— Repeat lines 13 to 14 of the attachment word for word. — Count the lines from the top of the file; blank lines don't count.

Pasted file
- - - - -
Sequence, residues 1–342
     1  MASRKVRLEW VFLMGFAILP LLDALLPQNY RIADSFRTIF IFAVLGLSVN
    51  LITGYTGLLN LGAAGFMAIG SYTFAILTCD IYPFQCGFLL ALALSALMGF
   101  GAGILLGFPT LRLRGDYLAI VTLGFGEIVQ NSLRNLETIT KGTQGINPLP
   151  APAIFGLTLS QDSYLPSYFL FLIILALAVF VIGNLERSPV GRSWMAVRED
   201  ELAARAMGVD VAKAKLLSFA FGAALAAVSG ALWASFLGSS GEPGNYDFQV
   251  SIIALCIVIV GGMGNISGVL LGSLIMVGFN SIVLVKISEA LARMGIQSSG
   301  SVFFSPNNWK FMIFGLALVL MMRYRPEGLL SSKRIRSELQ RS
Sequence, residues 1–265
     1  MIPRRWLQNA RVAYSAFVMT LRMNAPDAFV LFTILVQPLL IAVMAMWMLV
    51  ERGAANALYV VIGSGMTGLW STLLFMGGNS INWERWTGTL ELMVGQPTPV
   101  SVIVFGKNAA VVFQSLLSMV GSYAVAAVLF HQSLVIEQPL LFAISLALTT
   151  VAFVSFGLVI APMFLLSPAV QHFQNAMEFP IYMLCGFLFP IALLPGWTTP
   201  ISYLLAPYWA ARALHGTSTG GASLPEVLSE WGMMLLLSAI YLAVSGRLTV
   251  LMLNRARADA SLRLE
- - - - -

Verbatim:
   151  VAFVSFGLVI APMFLLSPAV QHFQNAMEFP IYMLCGFLFP IALLPGWTTP
   201  ISYLLAPYWA ARALHGTSTG GASLPEVLSE WGMMLLLSAI YLAVSGRLTV